0 Highlights of India's Broken Tryst author Tavleen Singh's Interview

Tavleen Singh is an Indian columnist, political reporter and writer. Tavleen Singh has never been one to shy away from lambasting inefficient governments and political leaders. So when this diarist chatted up with Singh about her new book, India's Broken Tryst, it didn't come as a surprise when she refused to hold back from speaking about the powers that be.

Her former friend, Congress president Sonia Gandhi, was first in the line of fire. In the book, Gandhi gets featured prominently, and not for good reasons. We asked why, and Tavleen was quick to ask if there was anybody else who would dare to do that job. "I am almost the only journalist in India who has criticised Sonia Gandhi by name. You could even Google it up [to verify the claim]," she says, adding, "When she came into politics, I did not criticise her for her 'foreignness', but her policies. But she took it personally. She is so used to being the Rajmata of India that nobody can speak against her. Is that democracy?"

Singh, however, isn't disapproving of everyone from the Congress. She took up the cudgels for former Prime Minister Manmohan Singh, who has been accused a time too many for playing second fiddle to the High Command. "He was a very good PM in the first term. The economy boomed, there was prosperity, and he followed policies that made India business-friendly."

But if any leader wins Singh's approval, it's NaMo. "I support this PM publicly and will continue to do so," she says of Narendra Modi. "He hasn't gone far enough to make India business-friendly, but he has pointed out the right direction for the country by talking about 'save the girl child' and 'swach' Bharat." Her book, we hear, has many more scathing and flattering observations. We love the sound of that.

You combine political analysis with accounts of your encounter with street children in Mumbai. What do you intend to do with this book?
The purpose was to show how the Indian state has become the enemy of the Indian people, both rich and poor. I did it anecdotally because I find it very boring to read heavy analysis of things that are simple to understand.

Where do you think we went wrong?
I believe that we should have de-colonised governance after we became an independent country. The training of our bureaucrats remains colonial. Their allegiance is to the ruler, not the people. If you go to the small towns in India, there is always one street that is spotlessly clean. They have clean water, electricity – everything that the people do not. We have a mixture of colonial governance and democratic feudalism. The only people who've benefited from it are a small power group at the top. Our English speaking politicians, and English speaking bureaucracy have been very disconnected from people who do not speak English.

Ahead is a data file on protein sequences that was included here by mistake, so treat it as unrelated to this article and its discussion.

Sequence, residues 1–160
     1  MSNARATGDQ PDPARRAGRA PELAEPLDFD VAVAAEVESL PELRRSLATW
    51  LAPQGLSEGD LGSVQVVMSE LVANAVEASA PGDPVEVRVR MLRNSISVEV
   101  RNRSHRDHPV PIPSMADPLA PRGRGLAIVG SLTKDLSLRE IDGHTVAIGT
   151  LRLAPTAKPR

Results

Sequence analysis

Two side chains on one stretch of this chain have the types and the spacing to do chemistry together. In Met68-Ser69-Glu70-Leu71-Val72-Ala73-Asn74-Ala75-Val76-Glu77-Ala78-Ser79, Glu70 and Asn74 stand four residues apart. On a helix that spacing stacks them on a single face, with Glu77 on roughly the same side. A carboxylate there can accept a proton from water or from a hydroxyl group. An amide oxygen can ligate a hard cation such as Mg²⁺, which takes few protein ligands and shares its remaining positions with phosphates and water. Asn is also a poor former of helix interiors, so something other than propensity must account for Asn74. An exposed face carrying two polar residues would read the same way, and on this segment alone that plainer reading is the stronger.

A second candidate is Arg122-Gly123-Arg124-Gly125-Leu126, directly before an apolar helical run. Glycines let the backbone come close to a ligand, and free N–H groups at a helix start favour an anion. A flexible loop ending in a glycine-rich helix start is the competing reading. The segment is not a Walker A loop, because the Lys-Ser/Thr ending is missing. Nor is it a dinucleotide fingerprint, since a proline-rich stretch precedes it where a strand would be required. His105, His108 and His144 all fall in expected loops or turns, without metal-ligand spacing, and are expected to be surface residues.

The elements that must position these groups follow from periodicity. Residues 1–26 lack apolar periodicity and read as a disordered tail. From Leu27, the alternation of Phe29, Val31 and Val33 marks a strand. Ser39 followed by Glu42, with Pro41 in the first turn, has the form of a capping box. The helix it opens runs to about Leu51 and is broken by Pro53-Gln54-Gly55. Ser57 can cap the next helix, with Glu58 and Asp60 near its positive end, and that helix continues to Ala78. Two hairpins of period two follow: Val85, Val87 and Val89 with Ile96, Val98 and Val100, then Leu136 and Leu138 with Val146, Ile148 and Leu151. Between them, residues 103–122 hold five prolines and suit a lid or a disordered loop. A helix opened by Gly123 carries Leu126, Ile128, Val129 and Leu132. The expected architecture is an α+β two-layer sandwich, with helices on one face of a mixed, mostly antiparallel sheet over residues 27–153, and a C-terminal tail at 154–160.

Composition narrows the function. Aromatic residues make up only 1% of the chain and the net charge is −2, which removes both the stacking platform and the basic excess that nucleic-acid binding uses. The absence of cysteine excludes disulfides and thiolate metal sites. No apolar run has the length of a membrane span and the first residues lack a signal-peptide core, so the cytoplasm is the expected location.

Why blame only politicians for the mess? Isn't part of the problem the corruption and apathy at the lowest levels?
Politics is about results, it is about policies. I don't think the policies have benefited India. We've had an economic dictatorship that has kept India poor in the name of socialism and political feudalism that has served as an instrument of repression. Which state would not be rich if it didn't have better policies? You take Orissa, which would be as rich as Bali in 10 minutes, couldn't it?

Are you still optimistic about Narendra Modi's tenure?
I am prepared to give him a chance, as are the people. It is not even two years yet. And he's up against an establishment that involves the media, intellectuals and leftist university professors, which has served the interests of the Congress. Modi has made all the right noises. We don't know how well he'll succeed. He's possibly the first PM to point out that India no longer lives in the villages. I think some of the Hindutva stuff has been very damaging. He should have stopped his chief ministers from the beef ban and all that hysteria. In Maharashtra, he should have concentrated on creating enough infrastructure for relief in Marathwada; instead you have this Bharat Mata Ki Jai rubbish.

You point to the deficiencies of Nehru's economic policies, but didn't his emphasis on secularism help to keep the nation together?
I don't share that view. I covered many communal riots and found that Muslims were ghettoised and made to believe that they could only trust the Congress party. But they were massacred every time there were riots. And there were many riots. Secularism was a poisoned chalice.

You write unflatteringly of Atal Behari Vajpayee in this book.
I was very disappointed. I was a huge fan of Vajpayee. I hoped that he would change the awful colonial governance and dynastic politics that I blame for India being backward and poor.

You accuse him of being too courteous...
Where was the need for him to show up for every funeral and sit with Sonia Gandhi looking disdainfully down at him? I was very disappointed in his time as prime minister.

Is Modi any different?
He (too) is courteous – (though) I think he made a mistake by putting Sonia at the high table in the banquet for Obama. And all she's done since is attack him. When you defer to a family that in any case considers it its birthright to rule India, then you tread a very dangerous course.

What was the Gandhi family's reaction to Durbar?
I start the book with a tax raid most journalists believe was so because I was virtually the only journalist to criticise Sonia. I mention how she tried to get my column thrown out of The Indian Express.

With 44 seats, do you think this is the end of the road for the Congress?
In politics, there is never the end of any road. The Congress is our oldest political party and still stretches across the country. But they haven't been able to capture the interest of younger Indians. I think it'll be a while before they revive, but you can never say.

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